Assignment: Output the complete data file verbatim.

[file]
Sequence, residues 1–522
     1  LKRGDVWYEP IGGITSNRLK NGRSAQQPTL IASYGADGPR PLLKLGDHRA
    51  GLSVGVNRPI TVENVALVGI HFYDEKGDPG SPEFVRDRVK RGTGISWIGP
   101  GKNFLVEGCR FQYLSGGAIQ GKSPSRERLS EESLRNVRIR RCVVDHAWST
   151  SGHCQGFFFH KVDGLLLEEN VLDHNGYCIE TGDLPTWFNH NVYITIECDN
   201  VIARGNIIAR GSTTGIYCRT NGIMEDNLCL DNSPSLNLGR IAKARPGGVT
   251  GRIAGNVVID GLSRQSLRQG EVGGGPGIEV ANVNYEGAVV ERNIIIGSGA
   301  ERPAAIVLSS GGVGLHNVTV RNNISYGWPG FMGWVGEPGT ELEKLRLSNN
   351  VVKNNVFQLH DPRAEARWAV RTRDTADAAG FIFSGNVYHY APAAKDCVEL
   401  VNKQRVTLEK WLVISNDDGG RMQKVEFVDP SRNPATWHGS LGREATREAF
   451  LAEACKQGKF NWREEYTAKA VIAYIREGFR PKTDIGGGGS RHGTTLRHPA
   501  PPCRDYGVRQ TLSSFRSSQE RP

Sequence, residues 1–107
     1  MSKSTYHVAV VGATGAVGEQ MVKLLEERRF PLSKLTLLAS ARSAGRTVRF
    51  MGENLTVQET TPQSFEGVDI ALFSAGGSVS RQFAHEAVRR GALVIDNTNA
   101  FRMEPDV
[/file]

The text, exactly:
Sequence, residues 1–522
     1  LKRGDVWYEP IGGITSNRLK NGRSAQQPTL IASYGADGPR PLLKLGDHRA
    51  GLSVGVNRPI TVENVALVGI HFYDEKGDPG SPEFVRDRVK RGTGISWIGP
   101  GKNFLVEGCR FQYLSGGAIQ GKSPSRERLS EESLRNVRIR RCVVDHAWST
   151  SGHCQGFFFH KVDGLLLEEN VLDHNGYCIE TGDLPTWFNH NVYITIECDN
   201  VIARGNIIAR GSTTGIYCRT NGIMEDNLCL DNSPSLNLGR IAKARPGGVT
   251  GRIAGNVVID GLSRQSLRQG EVGGGPGIEV ANVNYEGAVV ERNIIIGSGA
   301  ERPAAIVLSS GGVGLHNVTV RNNISYGWPG FMGWVGEPGT ELEKLRLSNN
   351  VVKNNVFQLH DPRAEARWAV RTRDTADAAG FIFSGNVYHY APAAKDCVEL
   401  VNKQRVTLEK WLVISNDDGG RMQKVEFVDP SRNPATWHGS LGREATREAF
   451  LAEACKQGKF NWREEYTAKA VIAYIREGFR PKTDIGGGGS RHGTTLRHPA
   501  PPCRDYGVRQ TLSSFRSSQE RP

Sequence, residues 1–107
     1  MSKSTYHVAV VGATGAVGEQ MVKLLEERRF PLSKLTLLAS ARSAGRTVRF
    51  MGENLTVQET TPQSFEGVDI ALFSAGGSVS RQFAHEAVRR GALVIDNTNA
   101  FRMEPDV